In marriage, conflict is inevitable. Even the happiest couples argue. And research shows they tend to argue about the same topics as unhappy couples: children, money, in-laws, intimacy.
Playgrounds that mimic the natural environment have physical and mental benefits for preschool children, according to a study published last month in Children, Youth, and Environments and coauthored by professors at the University of Tennessee, Knoxville.
IQ in childhood is a better indicator of adult wealth than math for very preterm and very low-weight babies, according to a new study in PLOS One.
Julia Jaekel, associate professor in the Department of Child and Family Studies, has been named the inaugural Andrew D. Holt Endowed Professor.
A new UT study exploring why some young adults cheat on their partners suggests that the behavior may be a way through which millennials deal with their transition to adulthood. The research has been featured in numerous national publications and websites including Allure, MSN, Evoke.ie, Cosmopolitan, Bustle, and Vice.
Do very-preterm or very-low-weight babies develop anxiety and mood disorders later in life? Julia Jaekel, assistant professor of child and family studies at UT, and Dieter Wolke, professor of psychology at the University of Warwick, co-authored a study to answer this question.
Current graduate students at UT now have the opportunity to become certified in working with international children and families.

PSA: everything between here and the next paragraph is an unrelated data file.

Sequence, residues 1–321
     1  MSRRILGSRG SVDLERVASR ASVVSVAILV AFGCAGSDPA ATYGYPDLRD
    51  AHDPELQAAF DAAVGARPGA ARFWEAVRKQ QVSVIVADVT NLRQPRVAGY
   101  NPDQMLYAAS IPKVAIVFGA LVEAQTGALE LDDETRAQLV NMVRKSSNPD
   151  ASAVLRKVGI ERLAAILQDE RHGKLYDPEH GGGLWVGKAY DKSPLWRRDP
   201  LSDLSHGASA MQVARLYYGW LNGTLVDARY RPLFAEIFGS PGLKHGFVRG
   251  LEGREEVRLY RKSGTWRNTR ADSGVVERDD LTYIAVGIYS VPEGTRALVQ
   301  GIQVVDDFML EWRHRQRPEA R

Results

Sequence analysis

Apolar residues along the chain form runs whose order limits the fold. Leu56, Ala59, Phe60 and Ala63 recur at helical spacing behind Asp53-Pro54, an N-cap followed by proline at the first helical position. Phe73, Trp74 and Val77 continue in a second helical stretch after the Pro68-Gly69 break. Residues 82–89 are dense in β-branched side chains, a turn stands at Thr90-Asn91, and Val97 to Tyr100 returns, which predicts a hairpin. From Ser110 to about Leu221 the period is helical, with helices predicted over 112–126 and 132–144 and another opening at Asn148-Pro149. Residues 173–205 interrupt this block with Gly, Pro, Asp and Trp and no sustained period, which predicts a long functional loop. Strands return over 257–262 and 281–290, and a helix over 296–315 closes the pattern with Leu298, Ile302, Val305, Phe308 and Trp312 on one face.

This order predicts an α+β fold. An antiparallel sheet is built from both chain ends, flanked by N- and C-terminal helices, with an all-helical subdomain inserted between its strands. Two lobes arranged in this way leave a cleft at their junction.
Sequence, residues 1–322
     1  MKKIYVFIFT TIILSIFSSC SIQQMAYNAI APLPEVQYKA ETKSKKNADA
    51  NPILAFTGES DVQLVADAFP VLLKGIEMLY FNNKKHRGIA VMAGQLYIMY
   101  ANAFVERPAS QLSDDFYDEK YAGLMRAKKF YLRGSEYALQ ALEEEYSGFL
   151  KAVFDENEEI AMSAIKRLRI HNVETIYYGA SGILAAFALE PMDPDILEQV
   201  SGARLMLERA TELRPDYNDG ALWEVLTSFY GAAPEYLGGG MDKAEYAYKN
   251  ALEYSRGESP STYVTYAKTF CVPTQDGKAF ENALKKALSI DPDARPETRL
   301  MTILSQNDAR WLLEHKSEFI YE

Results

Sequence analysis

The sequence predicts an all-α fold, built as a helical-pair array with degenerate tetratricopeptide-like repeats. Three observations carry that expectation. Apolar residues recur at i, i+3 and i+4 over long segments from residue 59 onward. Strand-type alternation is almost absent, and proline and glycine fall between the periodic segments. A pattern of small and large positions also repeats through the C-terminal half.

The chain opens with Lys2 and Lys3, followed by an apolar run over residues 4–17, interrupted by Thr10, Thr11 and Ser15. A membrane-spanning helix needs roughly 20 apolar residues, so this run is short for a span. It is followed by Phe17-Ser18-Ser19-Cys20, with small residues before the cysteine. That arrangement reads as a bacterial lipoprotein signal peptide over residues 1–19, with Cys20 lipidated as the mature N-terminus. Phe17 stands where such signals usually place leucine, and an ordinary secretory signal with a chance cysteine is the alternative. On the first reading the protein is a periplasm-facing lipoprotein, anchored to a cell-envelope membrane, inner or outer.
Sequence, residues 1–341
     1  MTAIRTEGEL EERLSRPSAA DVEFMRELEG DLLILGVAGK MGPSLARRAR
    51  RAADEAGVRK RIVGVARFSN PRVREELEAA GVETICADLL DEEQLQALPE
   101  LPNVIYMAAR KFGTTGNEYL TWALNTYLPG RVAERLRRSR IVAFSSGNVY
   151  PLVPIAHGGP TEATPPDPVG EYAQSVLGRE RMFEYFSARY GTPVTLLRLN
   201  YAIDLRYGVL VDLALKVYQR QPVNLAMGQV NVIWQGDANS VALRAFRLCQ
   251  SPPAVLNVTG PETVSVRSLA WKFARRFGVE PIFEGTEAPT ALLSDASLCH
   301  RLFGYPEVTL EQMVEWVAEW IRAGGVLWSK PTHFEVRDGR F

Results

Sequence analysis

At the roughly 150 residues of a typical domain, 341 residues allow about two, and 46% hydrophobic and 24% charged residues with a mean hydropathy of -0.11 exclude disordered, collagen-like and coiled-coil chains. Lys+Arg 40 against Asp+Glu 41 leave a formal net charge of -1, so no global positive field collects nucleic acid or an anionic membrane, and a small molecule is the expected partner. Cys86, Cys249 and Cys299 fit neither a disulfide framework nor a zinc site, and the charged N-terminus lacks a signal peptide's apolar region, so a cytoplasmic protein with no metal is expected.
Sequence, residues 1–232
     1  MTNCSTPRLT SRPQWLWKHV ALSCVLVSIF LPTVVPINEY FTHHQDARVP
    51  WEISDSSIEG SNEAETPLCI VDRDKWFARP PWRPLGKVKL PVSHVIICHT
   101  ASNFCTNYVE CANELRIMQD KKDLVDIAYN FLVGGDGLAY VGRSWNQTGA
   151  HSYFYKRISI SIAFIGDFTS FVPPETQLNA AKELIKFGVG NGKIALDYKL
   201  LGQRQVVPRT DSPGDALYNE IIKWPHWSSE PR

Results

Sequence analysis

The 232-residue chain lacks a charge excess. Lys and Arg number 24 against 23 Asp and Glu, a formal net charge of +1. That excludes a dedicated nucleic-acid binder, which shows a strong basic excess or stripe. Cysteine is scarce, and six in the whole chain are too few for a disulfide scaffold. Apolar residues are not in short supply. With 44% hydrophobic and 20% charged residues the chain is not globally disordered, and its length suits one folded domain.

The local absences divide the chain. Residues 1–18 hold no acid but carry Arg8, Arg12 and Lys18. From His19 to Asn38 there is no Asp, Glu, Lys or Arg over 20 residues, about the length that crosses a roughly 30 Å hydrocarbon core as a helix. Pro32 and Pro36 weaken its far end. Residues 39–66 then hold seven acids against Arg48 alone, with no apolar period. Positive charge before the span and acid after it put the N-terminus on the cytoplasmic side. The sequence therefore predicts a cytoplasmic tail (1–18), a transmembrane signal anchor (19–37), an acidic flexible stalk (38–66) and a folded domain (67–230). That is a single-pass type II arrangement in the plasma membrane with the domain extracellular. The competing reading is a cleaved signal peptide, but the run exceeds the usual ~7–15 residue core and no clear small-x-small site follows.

It’s not just working moms who struggle to find work-life balance—working dads are often overlooked in the conversation about this issue.
On June 5 and 6, UT’s Early Learning Center for Research and Practice will host the inaugural Early Learning Institute. The two-day event will feature keynote speaker Richard Louv, author of The Last Child in the Woods and The Nature Principle.
Kathy Kidd, associate director of the UT Early Learning Center for Research and Practice, offers these suggestions for helping children learn to be thankful and cheerful in the midst of the holiday rush.
UT faculty joined community volunteers this weekend to install a new natural playground at the North Head Start Center. The playground will give students a new recreation area and provide researchers with an opportunity to study the environment’s impact on children’s activity levels. The effort is part of the Partners through Playgrounds project, which will study how
UT faculty is joining community volunteers today and Saturday, June 7, to install a new natural playground at the North Head Start Center. The playground will give students a new recreation area and provide researchers with an opportunity to study the environment’s impact on children’s activity levels.